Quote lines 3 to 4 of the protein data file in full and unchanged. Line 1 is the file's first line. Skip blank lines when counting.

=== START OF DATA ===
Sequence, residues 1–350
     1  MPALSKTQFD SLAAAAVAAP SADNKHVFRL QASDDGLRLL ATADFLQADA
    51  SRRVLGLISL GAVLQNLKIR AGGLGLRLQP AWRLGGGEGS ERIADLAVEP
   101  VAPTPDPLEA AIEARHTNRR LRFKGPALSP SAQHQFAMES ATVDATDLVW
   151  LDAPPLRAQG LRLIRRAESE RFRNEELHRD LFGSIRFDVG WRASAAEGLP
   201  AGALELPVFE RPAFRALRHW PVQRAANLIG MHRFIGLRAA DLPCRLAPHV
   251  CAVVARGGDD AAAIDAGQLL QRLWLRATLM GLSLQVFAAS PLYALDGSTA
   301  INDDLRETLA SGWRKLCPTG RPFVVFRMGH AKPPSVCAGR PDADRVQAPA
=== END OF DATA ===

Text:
    51  SRRVLGLISL GAVLQNLKIR AGGLGLRLQP AWRLGGGEGS ERIADLAVEP
   101  VAPTPDPLEA AIEARHTNRR LRFKGPALSP SAQHQFAMES ATVDATDLVW